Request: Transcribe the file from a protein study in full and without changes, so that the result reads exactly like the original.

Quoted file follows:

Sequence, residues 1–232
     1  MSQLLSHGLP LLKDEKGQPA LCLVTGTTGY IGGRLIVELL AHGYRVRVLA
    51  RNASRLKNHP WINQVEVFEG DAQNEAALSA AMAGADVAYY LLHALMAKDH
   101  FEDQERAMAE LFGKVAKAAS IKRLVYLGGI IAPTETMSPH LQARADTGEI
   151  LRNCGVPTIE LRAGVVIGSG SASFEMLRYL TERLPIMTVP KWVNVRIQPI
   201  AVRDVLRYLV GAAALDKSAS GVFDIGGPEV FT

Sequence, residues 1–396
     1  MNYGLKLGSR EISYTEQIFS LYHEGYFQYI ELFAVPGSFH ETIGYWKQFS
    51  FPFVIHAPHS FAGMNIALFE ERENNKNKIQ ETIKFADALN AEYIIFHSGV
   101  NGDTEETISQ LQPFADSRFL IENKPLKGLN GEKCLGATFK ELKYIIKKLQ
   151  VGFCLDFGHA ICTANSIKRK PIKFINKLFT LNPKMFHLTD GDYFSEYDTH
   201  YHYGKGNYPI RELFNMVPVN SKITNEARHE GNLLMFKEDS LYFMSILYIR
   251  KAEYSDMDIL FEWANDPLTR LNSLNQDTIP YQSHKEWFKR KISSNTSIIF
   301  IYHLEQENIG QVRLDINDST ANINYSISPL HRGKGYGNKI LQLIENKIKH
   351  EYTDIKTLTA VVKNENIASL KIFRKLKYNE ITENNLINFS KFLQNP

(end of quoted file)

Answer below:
Sequence, residues 1–232
     1  MSQLLSHGLP LLKDEKGQPA LCLVTGTTGY IGGRLIVELL AHGYRVRVLA
    51  RNASRLKNHP WINQVEVFEG DAQNEAALSA AMAGADVAYY LLHALMAKDH
   101  FEDQERAMAE LFGKVAKAAS IKRLVYLGGI IAPTETMSPH LQARADTGEI
   151  LRNCGVPTIE LRAGVVIGSG SASFEMLRYL TERLPIMTVP KWVNVRIQPI
   201  AVRDVLRYLV GAAALDKSAS GVFDIGGPEV FT

Sequence, residues 1–396
     1  MNYGLKLGSR EISYTEQIFS LYHEGYFQYI ELFAVPGSFH ETIGYWKQFS
    51  FPFVIHAPHS FAGMNIALFE ERENNKNKIQ ETIKFADALN AEYIIFHSGV
   101  NGDTEETISQ LQPFADSRFL IENKPLKGLN GEKCLGATFK ELKYIIKKLQ
   151  VGFCLDFGHA ICTANSIKRK PIKFINKLFT LNPKMFHLTD GDYFSEYDTH
   201  YHYGKGNYPI RELFNMVPVN SKITNEARHE GNLLMFKEDS LYFMSILYIR
   251  KAEYSDMDIL FEWANDPLTR LNSLNQDTIP YQSHKEWFKR KISSNTSIIF
   301  IYHLEQENIG QVRLDINDST ANINYSISPL HRGKGYGNKI LQLIENKIKH
   351  EYTDIKTLTA VVKNENIASL KIFRKLKYNE ITENNLINFS KFLQNP